And I know that the inevitable question I'll get is: "So, do you think your friend should just stay in a miserable marriage for the next 50 years?" and the short answer to that question is: Yes. Yes, I think she should keep her promises. Yes, I think she should honor the most important vow that she ever made in her life. Yes, I think that respecting a lifetime commitment is more important than allowing temporary and fickle feelings to dictate your major life decisions. I think she should work on her marriage, I think she should seek counseling, I think she should aggressively and proactively try to make her marriage better, I don't think she should be resigned to being unhappy forever but rather take decisive steps to help herself have a great marriage, but yes - I think she should stick it out.
The funny thing about the fact that this particular opinion is so unpopular is that it's totally normal in every other aspect of society. If a mom stops feeding and caring for her infant child because doing so no longer makes her happy, we call it child abuse, and she'll end up in prison. If the police suddenly decide that they are no longer happy enforcing laws, society will succumb to utter chaos. If a member of our armed forces decides he's no longer happy being in the military so he just up and quits, he'll be court-marshaled and probably do jail time. If in the middle of performing open-heart surgery on you, your surgeon decides he's not happy with his profession and leaves to become an astronaut, you're dead, and he's going to be facing a major medical malpractice suit. If you decide that you're not happy paying taxes, or showing up to work, or paying your mortgage, or driving on the right side of the road, or doing any one of the other thousands of things that make society run smoothly, you can expect major consequences if you act according to that "unhappiness." Heck, you can't even cancel your cell phone contract if you're unhappy with it without paying hundreds of dollars to the cell phone company. In NO other area of society is being unhappy considered to be a good excuse to just up and abandon your responsibilities or renege on your promises. In every other societal arena, you are expected to fulfill your obligations regardless of whether or not you're happy about it. But for some strange reason, our society thinks that being unhappy is a totally acceptable reason to break the most important vow that most of us will ever make in our lives.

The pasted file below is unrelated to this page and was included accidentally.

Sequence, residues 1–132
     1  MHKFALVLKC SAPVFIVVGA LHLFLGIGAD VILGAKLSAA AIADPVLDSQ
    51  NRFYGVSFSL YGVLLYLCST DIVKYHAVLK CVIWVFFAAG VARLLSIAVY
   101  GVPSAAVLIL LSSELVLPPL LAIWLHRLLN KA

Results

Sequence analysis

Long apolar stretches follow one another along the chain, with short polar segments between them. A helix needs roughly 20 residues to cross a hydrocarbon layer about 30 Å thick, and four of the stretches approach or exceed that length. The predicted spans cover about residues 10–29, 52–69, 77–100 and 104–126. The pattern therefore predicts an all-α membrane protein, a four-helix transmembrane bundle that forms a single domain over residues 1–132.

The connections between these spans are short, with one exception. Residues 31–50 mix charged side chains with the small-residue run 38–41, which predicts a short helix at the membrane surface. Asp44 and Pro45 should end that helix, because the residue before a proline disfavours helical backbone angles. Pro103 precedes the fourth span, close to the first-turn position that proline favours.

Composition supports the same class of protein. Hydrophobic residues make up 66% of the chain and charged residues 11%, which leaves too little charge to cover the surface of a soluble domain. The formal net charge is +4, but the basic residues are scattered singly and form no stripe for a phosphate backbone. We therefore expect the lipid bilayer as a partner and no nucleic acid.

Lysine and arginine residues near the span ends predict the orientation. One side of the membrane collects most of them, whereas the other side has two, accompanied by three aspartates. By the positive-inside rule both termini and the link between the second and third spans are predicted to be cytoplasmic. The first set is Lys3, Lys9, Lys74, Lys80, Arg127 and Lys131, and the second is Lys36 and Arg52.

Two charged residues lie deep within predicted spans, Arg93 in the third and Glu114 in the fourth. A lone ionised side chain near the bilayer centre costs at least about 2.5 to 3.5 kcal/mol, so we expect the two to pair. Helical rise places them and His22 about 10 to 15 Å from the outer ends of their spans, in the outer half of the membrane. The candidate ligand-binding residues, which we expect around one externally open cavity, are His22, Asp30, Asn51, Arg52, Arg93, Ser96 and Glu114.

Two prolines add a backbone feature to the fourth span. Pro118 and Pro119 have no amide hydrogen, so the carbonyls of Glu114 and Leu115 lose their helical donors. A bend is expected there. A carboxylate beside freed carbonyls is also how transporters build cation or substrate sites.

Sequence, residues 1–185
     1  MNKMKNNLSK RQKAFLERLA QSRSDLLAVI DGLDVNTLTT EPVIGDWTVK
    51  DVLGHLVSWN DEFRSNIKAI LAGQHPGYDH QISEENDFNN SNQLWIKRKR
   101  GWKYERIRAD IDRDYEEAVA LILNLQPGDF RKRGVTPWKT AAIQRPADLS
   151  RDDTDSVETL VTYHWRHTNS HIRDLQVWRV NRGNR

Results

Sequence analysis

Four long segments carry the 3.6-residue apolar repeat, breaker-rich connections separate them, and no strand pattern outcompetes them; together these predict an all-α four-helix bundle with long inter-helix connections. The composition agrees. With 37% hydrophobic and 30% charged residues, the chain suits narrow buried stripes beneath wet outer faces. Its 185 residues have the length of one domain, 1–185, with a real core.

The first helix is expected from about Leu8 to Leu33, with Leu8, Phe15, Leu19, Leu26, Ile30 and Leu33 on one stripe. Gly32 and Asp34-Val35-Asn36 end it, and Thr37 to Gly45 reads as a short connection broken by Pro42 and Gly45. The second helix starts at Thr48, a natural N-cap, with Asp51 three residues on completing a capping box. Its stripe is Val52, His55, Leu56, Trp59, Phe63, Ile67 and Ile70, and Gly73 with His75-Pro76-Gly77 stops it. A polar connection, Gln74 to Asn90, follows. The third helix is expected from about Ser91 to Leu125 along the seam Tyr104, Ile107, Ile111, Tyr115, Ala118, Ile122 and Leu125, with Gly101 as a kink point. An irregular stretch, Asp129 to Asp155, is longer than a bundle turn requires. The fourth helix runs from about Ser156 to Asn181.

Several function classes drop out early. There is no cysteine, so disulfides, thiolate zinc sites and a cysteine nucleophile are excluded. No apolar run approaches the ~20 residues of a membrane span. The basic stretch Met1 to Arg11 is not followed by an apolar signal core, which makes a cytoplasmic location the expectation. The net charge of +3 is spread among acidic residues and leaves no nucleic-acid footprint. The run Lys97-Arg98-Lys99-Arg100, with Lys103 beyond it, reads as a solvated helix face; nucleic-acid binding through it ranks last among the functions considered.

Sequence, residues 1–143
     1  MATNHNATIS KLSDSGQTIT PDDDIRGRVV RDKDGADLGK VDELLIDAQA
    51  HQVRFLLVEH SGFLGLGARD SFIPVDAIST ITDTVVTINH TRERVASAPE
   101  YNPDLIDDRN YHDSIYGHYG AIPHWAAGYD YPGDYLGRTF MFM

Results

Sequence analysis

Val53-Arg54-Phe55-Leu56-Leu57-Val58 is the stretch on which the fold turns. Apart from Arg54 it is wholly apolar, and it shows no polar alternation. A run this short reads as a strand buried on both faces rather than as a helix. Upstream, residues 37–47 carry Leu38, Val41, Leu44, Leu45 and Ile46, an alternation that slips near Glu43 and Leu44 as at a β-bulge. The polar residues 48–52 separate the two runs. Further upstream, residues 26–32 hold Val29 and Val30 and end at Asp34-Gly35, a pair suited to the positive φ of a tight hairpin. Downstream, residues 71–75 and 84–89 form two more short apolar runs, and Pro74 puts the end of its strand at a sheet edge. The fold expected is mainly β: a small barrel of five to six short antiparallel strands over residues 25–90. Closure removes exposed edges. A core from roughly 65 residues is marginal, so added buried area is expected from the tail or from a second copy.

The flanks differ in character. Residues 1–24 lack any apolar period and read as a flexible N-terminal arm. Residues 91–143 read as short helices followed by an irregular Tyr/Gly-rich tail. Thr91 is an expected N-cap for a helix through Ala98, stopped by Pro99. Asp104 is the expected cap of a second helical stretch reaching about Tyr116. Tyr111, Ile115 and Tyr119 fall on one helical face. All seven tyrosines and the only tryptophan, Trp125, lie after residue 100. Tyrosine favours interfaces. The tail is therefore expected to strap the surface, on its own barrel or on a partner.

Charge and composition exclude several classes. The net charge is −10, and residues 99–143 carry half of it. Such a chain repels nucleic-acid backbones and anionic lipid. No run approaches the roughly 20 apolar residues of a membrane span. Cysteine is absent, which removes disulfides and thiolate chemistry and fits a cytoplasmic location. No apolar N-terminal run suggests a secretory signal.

This is one of the reasons that I think people should be very, very sure about their choice of spouse before they get married. 99% sure is not good enough. It's important that you know your future spouse well enough that you have a very realistic idea of what the "for worse" is that you're agreeing to when you say "for better or for worse." Because those words aren't just something you say because they sound poetic. They mean something. And once you've said them, simply changing your mind isn't a good enough reason to break your promises.
Agree with me? Disagree? Think I'm a raving lunatic? Want to nominate me for sainthood? Bring on your opinions! Niceness preferred, but not mandatory.
Sorry this is so long. If you actually read all the way to the end, you deserve a cookie. Go buy yourself one!